Gabapentin, an anticonvulsant drug that helps cut down on the incidence of seizures, is also a potent pain reliever used in both human and canine medicine. It is now gaining traction in feline medicine, not just for pain but also for extreme stress.
In one study published in the Journal of the American Veterinary Medical Association, researchers found that when given gabapentin, cats with arthritis had better mobility and quality-of-life scores than they did while taking a placebo. In another research project published in the same journal, veterinary investigators discovered that cats with a history of stress brought on by veterinary visits ended up much less anxious when examined by their doctors and were also significantly more compliant during exams when they took gabapentin instead of a dummy pill. In fact, for one in every five cats, examination was possible only when they were medicated with gabapentin.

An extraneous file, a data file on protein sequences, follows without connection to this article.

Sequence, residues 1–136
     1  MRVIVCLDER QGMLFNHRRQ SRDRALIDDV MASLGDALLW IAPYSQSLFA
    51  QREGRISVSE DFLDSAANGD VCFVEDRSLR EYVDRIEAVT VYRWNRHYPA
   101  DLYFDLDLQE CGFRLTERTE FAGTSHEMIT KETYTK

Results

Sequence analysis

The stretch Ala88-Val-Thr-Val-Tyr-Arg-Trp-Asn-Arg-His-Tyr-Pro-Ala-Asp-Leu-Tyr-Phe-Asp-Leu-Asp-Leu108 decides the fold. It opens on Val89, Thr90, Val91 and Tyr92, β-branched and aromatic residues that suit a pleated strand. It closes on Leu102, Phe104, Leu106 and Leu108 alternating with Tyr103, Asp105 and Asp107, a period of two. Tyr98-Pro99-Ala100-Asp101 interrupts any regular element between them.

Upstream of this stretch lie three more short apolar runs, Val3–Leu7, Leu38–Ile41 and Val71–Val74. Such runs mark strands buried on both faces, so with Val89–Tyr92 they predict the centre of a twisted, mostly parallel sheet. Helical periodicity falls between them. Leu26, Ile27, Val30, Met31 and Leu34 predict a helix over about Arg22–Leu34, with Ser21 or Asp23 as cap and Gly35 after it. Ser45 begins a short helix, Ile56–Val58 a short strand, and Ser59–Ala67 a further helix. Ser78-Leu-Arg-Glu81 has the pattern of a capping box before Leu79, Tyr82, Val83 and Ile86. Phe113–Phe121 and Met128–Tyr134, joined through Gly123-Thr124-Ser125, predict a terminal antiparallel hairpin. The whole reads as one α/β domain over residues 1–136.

Gabapentin can induce drowsiness, and some cats also experience side effects such as incoordination. But anecdotal observations suggest these effects are often short-lived and resolve within a few weeks, especially if the dose is increased gradually. If your cat is in chronic pain from arthritis or a wreck at the vet’s office, it’s worth discussing gabapentin with her doctor.